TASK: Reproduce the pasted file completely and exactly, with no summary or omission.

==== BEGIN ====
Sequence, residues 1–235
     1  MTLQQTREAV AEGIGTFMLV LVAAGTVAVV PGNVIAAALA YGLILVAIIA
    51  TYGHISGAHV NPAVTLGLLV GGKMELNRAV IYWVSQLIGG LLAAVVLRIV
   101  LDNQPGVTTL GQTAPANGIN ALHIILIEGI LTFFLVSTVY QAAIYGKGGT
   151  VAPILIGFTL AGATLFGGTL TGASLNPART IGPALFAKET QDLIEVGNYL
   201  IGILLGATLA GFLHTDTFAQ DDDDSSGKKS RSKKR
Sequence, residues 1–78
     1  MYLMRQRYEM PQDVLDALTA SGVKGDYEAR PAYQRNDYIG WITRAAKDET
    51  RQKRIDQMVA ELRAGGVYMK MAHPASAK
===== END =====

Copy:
Sequence, residues 1–235
     1  MTLQQTREAV AEGIGTFMLV LVAAGTVAVV PGNVIAAALA YGLILVAIIA
    51  TYGHISGAHV NPAVTLGLLV GGKMELNRAV IYWVSQLIGG LLAAVVLRIV
   101  LDNQPGVTTL GQTAPANGIN ALHIILIEGI LTFFLVSTVY QAAIYGKGGT
   151  VAPILIGFTL AGATLFGGTL TGASLNPART IGPALFAKET QDLIEVGNYL
   201  IGILLGATLA GFLHTDTFAQ DDDDSSGKKS RSKKR
Sequence, residues 1–78
     1  MYLMRQRYEM PQDVLDALTA SGVKGDYEAR PAYQRNDYIG WITRAAKDET
    51  RQKRIDQMVA ELRAGGVYMK MAHPASAK